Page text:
Insta360 Begins Shipping its 11K, $15,000 Titan 360 Camera

More resolution than you know what to do with.

The annual CES event in Las Vegas is a perfect time for technology manufacturers to showcase their latest products. For 2019’s show Insta360 opened up pre-orders for its professional 360-degree camera, the Insta360 Titan. Today, the company has officially launched the device, shipping to customers worldwide. 

Insta360 TITAN

With a premium feature set and a sizable $15,000 USD price tag, the Insta360 Titan is well and truly aimed at the high-end market. The unibody camera with eight 200° F3.2 fisheye lenses has Micro Four Thirds sensors under the hood, capable of recording in 11K claims the company. Shooting modes include 11K at 30 FPS, 10K 3D at 30 FPS, as well as 11K 360 photos in 3D and monoscopic formats.

Some of the other clever tech inside the Insta360 Titan includes FlowState Stabilization, which enables gimbal-like stabilization without any additional gear or post-production headaches for creators. Another issue for directors is not being seen – a little tricky when the camera is recording in 360. So Insta360 has created its Farsight live monitoring system to help with just that problem, giving creators a long-range, low-latency preview to direct scenes, unseen. 

“We’ve worked together with VR creators to build the hardware platforms they need — from the cinematic quality of Titan to the versatility of the Insta360 Pro series,” said JK Liu, Insta360 Co-Founder and CEO in a statement. “Our roadmap this year doesn’t include any new professional cameras. Our full focus is on bringing users of Titan and Pro series cameras an even greater edge, through continued updates and integrations with key ecosystem partners.”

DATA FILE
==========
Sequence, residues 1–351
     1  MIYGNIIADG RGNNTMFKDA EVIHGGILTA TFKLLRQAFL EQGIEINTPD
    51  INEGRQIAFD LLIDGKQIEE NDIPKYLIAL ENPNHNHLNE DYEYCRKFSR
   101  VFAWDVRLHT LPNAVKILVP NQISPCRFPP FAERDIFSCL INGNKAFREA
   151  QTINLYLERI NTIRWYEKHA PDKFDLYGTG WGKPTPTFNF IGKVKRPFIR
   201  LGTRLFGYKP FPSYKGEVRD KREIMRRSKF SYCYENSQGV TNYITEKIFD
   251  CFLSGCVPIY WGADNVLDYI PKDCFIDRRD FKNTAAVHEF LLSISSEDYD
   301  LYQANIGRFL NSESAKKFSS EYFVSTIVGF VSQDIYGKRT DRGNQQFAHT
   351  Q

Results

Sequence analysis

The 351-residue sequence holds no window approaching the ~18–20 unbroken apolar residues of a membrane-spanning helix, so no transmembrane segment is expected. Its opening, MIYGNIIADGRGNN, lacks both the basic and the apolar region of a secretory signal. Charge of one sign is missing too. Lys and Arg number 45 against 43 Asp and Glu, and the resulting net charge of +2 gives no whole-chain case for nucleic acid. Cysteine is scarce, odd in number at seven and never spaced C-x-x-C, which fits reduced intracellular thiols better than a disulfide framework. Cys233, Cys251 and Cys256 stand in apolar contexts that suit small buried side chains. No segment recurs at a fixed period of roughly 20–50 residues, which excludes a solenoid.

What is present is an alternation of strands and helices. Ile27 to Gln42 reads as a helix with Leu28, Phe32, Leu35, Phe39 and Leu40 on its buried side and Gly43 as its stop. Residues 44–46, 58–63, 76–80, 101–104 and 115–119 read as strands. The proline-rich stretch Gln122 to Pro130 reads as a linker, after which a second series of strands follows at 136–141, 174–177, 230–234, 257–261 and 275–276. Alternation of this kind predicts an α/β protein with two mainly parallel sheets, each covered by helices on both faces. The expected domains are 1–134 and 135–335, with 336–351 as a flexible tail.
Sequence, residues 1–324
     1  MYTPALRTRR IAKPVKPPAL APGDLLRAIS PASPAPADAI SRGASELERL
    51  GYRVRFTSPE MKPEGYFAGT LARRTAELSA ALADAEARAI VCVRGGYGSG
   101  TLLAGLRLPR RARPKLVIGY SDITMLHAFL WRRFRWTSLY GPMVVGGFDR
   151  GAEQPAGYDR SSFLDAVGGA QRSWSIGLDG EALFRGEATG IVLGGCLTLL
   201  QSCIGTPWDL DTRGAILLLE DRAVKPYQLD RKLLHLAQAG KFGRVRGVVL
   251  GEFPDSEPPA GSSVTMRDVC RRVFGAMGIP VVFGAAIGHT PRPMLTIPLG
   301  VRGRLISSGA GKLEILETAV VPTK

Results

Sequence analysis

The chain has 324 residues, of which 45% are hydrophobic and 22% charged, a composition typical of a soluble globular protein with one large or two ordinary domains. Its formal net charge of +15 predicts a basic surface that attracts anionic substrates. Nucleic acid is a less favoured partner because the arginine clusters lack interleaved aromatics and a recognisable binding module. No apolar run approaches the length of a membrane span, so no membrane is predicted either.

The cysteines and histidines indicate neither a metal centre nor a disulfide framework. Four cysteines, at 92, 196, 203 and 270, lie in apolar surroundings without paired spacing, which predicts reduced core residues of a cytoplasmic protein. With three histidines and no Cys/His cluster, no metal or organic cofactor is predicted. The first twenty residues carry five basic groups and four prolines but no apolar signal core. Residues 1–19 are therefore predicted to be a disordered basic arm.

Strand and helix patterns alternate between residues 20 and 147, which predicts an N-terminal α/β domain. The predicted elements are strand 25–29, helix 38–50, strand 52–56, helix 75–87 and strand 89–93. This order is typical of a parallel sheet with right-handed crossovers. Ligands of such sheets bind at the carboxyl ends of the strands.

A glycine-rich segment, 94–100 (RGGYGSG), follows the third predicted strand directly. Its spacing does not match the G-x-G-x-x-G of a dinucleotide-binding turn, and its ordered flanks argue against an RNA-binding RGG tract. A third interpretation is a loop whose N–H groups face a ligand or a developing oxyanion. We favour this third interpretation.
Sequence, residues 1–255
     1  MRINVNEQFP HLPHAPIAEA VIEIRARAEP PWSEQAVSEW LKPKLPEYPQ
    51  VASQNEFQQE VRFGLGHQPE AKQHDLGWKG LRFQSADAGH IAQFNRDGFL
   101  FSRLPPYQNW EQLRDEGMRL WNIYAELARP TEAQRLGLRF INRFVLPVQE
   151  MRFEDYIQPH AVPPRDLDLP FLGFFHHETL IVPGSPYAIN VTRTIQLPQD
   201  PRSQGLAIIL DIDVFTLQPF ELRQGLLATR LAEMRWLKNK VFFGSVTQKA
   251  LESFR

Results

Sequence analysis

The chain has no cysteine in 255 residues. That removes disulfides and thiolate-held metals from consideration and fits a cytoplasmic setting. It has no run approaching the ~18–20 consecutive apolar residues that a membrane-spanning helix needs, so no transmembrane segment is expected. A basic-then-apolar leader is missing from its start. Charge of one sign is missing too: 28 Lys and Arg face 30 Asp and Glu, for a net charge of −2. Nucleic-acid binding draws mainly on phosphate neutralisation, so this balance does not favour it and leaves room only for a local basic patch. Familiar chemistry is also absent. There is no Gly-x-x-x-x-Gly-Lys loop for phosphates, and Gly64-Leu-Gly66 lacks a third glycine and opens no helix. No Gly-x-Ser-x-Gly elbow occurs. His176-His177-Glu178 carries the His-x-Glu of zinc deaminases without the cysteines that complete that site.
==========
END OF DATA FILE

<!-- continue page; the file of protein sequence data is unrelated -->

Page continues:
Insta360 TITAN

There’s also the slight issue of viewing 11K resolution content as sites like YouTube tend to only go up to 8K currently. To get around this, Insta360 built its proprietary CrystalView player which lets you play back your Titan footage at full 11K quality on iOS and Android devices. To do this on mobile devices the company has taken a leaf out of the foveated rendering handbook, rendering only the part of a scene that a viewer is watching – ignoring what’s behind their head.

If you want to start recording super high-resolution 360-degree content then either head to Insta360.com or B&H Photo to start spending some serious money. Or for something a little more consumer friendly, how about the Insta360 Evo which launched in March for $419.99. For further Insta360 updates, keep reading VRFocus.

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